Is The Intel Chief Being Zorned?

Making the rounds among the ranks of the "formers" -- that is, former senior intelligence officials who are now free to discuss the politics of the intelligence community, is a new verb. To Zorn, as in to render ineffective but to retain a subordinate. The context, for those who don't live in Washington, was the decision by the poohbahs at the Washington Redskins to temporarily retain head coach Jim Zorn but give play-calling abilities to someone else, effectively neutering his authority and credibility.

(A warning and self-exculpatory diversion here: speculating about who is up and who is down in the eyes of the administration is something that I try to avoid on this blog. It's unseemly; the speculation is often poorly sourced; and it's not generally fair to the public servants who are the subject of unsubstantiated gossip. But sometimes, circumstances alter this calculus of mine.)

Is Adm. Dennis Blair, the director of the Office of National Intelligence, being Zorned by the administration? Surely not, officials say. Perfunctory "he is our Director of National Intelligence" and "he has the support of the president" statements are given out.

But Blair, more than any other intelligence official, is on the hot seat. Yesterday, he admitted that the intelligence community is effectively blind in a key area: databases cannot communicate with each other. There is no IC-wide Google-like search capability to automatically match HUMINT tips with SIGINT taps. There is no major project underway to achieve that goal. And Blair also conceded that the IC simply misjudged the threat posed by Al Qaeda on the Arabian Peninsula. And the chief of the counterterorrism center, Mike Leiter, said that no additional staff were diverted to analyze the threat from Yemen even as chatter about a potential attack reached senior executive service levels. Then there were two inexplicable errors -- errors I know for a fact caused consternation at the White House. Blair suggested that he might not agree with the administration's decision to try the Christmas Day bomb suspect in a federal court, and he seemed not to know that the FBI hadn't yet stood up its new high-value target interrogation unit. A climb-down was quickly issued. Comments, he said, were "misconstrued." Not before Republicans had a field day.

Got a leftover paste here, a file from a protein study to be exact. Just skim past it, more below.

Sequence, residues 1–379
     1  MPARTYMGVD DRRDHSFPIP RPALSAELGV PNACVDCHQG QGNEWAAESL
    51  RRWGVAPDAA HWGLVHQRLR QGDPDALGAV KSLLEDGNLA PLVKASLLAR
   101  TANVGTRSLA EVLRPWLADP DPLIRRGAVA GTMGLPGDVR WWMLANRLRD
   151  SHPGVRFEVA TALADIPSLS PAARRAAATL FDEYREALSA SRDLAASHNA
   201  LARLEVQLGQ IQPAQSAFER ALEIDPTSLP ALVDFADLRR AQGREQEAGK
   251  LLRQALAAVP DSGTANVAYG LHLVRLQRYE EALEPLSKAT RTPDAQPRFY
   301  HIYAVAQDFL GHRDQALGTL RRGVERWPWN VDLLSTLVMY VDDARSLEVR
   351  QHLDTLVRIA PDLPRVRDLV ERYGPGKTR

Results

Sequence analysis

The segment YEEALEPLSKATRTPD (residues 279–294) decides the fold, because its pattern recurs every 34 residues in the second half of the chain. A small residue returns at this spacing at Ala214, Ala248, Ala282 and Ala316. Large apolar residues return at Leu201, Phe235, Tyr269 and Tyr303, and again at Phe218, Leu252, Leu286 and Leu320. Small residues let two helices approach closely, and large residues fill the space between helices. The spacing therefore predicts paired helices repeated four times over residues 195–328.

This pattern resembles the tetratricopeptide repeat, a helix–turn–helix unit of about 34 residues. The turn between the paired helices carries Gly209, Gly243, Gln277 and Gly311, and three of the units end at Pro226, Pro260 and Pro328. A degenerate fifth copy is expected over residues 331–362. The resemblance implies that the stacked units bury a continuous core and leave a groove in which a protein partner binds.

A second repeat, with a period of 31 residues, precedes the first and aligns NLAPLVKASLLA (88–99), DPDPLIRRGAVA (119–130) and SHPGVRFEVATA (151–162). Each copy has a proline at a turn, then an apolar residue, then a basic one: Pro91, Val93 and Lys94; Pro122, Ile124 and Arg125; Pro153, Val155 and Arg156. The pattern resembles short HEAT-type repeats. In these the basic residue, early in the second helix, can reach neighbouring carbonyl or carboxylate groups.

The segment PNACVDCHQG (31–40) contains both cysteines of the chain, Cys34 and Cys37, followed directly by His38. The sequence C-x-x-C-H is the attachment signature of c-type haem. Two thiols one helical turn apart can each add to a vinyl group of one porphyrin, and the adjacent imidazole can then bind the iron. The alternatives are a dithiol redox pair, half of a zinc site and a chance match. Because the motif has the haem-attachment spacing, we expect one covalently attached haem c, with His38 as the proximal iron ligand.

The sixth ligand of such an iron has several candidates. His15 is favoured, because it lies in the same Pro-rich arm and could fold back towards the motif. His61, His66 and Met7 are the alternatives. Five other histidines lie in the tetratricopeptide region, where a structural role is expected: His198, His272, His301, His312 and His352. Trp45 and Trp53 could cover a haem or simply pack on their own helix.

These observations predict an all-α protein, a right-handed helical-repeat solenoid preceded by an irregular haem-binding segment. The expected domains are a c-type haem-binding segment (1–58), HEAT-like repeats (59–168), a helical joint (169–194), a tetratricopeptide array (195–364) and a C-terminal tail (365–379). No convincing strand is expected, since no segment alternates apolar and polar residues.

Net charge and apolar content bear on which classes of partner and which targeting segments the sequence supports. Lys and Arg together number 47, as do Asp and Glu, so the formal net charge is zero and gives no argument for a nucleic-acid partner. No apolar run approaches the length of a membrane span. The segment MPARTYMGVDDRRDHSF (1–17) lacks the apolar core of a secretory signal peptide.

All I know is that the administration fiercely defends Leiter and perfunctorily defends Blair. Firing him before congressional hearings would be a mistake -- why not let Blair take the blame, thus putting on the record offenses that the Obama administration already knew about? A congressional report will give the administration a pretext, if they need one, to dismiss their intel chief. Problem: who would get the job? Not John Brennan, the counter-terrorism chief. Obama wants him in the White House. Leon Panetta has linked himself to CIA equities like Navi link themselves to Pandoran wildlife in Avatar. Most anyone with a knowledge of the guff that the DNI has to deal with have no interest in the job. And the job itself might not be possible for anyone to perform well. Blair is as good as they get, and he's faced continuous troubles for his trouble. Is Blair being Zorned?

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Marc Ambinder is an Atlantic contributing editor. He is also a senior contributor at Defense One, a contributing editor at GQ, and a regular contributor at The Week.

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